2nd Marriage Without Divorce - Victoria 1800s Was it possible to marry a second time without either the death of the first husband or divorce?
In Victoria, Australia in the late 1800s it was!
The following is an email message received from Ada Ackerly who kindly provided the answer:-
A lady could marry any time after she believed her husband dead, but with risks:-
1. If she did not make "reasonable" efforts to establish his
death, married in under seven years and he returned alive, she had
committed a felony and was liable to a prison term for bigamy, and any
children born from the second marriage were illegitimate.
2. If she made "reasonable and diligent" efforts to establish his
death, and all evidence available indicated the death most likely to
have occurred, she could:-
(1) Take the
risk and marry under the seven year period. In this case it might
be only a misdemeanor with no imprisonment, or the judges may decide it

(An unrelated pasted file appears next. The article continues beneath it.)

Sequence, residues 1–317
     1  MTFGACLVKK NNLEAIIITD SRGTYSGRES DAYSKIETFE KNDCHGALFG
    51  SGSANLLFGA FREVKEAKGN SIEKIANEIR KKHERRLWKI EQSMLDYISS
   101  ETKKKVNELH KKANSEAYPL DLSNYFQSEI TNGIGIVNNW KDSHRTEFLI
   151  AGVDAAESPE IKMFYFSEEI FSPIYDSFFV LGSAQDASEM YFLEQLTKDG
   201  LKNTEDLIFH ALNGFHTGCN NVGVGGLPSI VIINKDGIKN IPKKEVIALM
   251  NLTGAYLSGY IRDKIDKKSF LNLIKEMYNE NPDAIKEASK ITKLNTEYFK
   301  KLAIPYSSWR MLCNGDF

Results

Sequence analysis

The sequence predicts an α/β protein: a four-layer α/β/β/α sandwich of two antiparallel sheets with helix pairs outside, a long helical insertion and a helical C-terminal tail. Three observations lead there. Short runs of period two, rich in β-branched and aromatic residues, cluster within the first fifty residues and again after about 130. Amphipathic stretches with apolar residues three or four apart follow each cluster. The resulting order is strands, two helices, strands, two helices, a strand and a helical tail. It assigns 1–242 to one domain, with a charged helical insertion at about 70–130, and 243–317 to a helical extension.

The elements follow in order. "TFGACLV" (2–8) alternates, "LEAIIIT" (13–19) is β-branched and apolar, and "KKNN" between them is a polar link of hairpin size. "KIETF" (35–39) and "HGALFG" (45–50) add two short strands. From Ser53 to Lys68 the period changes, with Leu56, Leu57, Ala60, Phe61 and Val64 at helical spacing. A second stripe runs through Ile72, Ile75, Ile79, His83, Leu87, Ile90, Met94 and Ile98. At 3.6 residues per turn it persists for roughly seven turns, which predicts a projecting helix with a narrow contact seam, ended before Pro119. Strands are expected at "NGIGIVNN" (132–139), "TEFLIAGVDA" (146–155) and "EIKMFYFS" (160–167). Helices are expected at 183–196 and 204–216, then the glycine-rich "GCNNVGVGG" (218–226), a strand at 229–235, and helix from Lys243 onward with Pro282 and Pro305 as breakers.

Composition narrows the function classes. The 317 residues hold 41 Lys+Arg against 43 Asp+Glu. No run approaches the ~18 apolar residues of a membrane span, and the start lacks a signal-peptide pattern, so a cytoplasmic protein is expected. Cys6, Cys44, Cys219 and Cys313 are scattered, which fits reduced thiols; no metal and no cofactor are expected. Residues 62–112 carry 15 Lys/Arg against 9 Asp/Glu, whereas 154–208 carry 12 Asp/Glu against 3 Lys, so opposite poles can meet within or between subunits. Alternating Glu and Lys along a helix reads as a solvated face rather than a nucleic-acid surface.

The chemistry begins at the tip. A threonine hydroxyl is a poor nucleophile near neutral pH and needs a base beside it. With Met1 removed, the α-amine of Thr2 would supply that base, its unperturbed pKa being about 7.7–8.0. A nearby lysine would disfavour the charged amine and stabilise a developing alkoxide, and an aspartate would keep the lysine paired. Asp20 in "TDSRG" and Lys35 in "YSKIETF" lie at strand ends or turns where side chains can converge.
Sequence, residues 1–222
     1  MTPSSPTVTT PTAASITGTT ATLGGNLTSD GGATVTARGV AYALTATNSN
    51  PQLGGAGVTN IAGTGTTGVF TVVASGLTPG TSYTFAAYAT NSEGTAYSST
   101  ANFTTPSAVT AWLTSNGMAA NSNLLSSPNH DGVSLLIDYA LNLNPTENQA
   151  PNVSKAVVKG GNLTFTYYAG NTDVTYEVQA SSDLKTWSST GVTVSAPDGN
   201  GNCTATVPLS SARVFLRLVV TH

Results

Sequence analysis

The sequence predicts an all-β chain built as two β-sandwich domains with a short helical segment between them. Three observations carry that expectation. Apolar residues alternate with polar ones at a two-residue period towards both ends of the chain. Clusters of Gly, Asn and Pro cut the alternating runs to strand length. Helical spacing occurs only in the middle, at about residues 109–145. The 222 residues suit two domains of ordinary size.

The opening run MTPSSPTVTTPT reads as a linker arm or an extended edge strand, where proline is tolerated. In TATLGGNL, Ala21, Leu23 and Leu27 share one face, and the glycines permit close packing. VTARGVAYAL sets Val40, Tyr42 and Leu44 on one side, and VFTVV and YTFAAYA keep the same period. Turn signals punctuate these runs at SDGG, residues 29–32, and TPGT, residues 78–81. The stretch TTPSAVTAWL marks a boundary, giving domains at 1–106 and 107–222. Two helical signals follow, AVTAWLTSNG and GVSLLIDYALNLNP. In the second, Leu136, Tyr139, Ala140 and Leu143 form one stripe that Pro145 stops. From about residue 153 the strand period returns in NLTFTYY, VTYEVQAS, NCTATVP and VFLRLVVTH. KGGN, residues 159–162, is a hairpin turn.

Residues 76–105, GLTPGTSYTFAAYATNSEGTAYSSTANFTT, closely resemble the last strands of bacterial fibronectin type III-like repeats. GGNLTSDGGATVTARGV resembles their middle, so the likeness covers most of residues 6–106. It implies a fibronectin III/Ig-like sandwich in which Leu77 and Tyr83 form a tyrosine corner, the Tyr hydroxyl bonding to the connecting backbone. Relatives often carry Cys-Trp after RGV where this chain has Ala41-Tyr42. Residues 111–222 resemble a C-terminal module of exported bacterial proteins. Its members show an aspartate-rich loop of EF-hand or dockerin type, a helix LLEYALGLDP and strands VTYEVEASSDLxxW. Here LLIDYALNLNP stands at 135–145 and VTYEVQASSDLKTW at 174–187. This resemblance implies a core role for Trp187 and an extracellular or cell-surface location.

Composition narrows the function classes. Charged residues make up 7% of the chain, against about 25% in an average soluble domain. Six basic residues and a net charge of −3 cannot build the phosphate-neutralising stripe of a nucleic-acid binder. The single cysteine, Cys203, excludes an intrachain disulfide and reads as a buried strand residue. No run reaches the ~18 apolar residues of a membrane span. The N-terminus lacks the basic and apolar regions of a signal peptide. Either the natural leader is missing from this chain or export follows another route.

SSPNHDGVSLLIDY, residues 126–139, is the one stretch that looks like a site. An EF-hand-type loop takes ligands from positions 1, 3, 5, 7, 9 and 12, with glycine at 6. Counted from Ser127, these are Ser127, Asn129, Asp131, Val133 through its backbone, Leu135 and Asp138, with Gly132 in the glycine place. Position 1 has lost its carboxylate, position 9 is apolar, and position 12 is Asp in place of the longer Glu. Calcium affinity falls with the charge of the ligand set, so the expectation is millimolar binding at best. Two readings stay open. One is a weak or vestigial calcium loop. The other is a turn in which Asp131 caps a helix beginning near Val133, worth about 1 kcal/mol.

is a felony and convict if they felt she had not made a reasonable
effort to establish the fact of his death.
(2) Apply to the
court to have his "death presumed". This unlocked his estate,
made her legally a widow and free to marry. Such estates are
marked "prs" (grant made on presumption of death) on the probate index,
and may have come before the Equity Jurisdiction of the Supreme Court
to appoint trustees of the estate on behalf of the children or the
heir-at-law (usually the eldest son). There may be no note of
this on the probate index, only in the Supreme Court Equity
Jurisdiction case files. Of course, he may have had no estate to
3. She could make "reasonable" enquiries, allow seven years to
elapse, then marry, sure that if he returned, she could only be charged
with a misdemeanor. The two husbands were expected to discuss the
situation between themselves without recourse to law. She could
stay married to the second husband and their children would be
legitimate if both he & she agreed to maintain the status
quo. The first husband however, could demand the return of his
own children. He could not demand co-habitation, unless the woman
decided to leave her second husband and return to him. If she did
so, the second husband could apply to the court to have his marriage
declared "null and void" and the children declared his legal offspring,
and he would be free to marry as a bachelor.
The above is based on Law Reports in 1863 for a case where the husband,
declared dead in a mine accident by a fellow digger in a letter to the
wife, returned after five years to find his wife remarried, and is a
précis from the statements of the three judges' opinions on the legal